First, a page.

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A search for pairs of highly collimated photon-jets in $pp$ collisions at $\sqrt{s}$ = 13 TeV with the ATLAS detector

Research output: Contribution to journalArticle

Original languageEnglish
Article numberAaboud:2018djx
Pages (from-to)012008
JournalPhysical Review D
VolumeD99
Issue number1
DOIs
Publication statusPublished - 19 Jan 2019

Abstract

Results of a search for the pair production of photon-jets$-$collimated groupings of photons$-$in the ATLAS detector at the Large Hadron Collider are reported. Highly collimated photon-jets can arise from the decay of new, highly boosted particles that can decay to multiple photons collimated enough to be identified in the electromagnetic calorimeter as a single, photonlike energy cluster. Data from proton-proton collisions at a center-of-mass energy of 13 TeV, corresponding to an integrated luminosity of 36.7 fb$^{-1}$, were collected in 2015 and 2016. Candidate photon-jet pair production events are selected from those containing two reconstructed photons using a set of identification criteria much less stringent than that typically used for the selection of photons, with additional criteria applied to provide improved sensitivity to photon-jets. Narrow excesses in the reconstructed diphoton mass spectra are searched for. The observed mass spectra are consistent with the Standard Model background expectation. The results are interpreted in the context of a model containing a new, high-mass scalar particle with narrow width, $X$, that decays into pairs of photon-jets via new, light particles, $a$. Upper limits are placed on the cross section times the product of branching ratios $\sigma \times \mathcal{B}(X \rightarrow aa) \times \mathcal {B}(a \rightarrow \gamma \gamma)^{2}$ for 200 GeV $< m_{X} <$ 2 TeV and for ranges of $ m_a $ from a lower mass of 100 MeV up to between 2 and 10 GeV, depending upon $ m_X $. Upper limits are also placed on $\sigma \times \mathcal{B}(X \rightarrow aa) \times \mathcal {B}(a \rightarrow 3\pi^{0})^{2}$ for the same range of $ m_X $ and for ranges of $ m_a $ from a lower mass of 500 MeV up to between 2 and 10 GeV.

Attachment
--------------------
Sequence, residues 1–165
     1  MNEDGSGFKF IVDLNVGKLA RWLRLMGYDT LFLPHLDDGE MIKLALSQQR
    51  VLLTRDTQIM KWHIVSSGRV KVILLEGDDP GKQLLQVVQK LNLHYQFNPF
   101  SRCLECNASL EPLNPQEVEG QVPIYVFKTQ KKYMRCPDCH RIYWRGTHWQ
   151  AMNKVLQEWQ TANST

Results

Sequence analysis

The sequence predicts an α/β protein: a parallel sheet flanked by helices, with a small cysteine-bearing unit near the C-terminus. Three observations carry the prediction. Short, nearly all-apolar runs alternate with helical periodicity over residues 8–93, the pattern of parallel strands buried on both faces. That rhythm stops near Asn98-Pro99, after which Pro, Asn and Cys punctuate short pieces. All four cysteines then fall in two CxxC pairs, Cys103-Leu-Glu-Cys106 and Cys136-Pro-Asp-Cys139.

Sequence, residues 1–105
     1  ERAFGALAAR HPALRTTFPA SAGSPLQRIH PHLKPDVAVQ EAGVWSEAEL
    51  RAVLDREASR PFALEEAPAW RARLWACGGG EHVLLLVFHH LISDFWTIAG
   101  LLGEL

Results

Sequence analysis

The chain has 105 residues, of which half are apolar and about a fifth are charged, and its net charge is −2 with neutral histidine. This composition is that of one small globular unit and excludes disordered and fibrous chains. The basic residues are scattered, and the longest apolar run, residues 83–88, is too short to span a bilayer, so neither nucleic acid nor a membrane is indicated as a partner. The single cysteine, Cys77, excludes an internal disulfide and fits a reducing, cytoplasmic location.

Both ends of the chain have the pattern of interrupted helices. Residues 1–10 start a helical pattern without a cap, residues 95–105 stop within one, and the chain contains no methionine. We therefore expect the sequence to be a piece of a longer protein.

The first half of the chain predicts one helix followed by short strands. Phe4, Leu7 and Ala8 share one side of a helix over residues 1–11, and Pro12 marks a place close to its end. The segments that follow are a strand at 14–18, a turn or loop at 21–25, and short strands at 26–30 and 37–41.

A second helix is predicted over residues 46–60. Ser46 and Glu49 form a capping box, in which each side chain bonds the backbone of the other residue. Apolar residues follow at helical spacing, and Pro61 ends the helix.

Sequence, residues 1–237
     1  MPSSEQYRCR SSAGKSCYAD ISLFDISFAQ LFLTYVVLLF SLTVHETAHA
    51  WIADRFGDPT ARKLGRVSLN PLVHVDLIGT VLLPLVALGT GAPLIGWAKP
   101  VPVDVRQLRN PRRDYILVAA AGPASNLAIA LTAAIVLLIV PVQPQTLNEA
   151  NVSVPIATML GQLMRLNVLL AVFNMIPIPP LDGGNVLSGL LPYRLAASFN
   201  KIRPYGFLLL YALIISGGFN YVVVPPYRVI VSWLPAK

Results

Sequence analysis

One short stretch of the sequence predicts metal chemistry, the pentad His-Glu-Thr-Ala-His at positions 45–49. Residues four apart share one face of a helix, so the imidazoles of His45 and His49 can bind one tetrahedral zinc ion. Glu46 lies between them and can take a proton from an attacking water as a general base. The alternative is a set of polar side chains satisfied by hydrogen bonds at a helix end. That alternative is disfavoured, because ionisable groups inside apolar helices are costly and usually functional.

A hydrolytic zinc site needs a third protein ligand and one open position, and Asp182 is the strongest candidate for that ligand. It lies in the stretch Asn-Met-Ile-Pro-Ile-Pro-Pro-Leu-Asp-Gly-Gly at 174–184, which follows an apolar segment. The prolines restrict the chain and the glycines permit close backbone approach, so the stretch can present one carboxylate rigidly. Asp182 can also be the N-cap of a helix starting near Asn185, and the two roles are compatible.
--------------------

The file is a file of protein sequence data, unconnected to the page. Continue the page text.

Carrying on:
ID: 90519199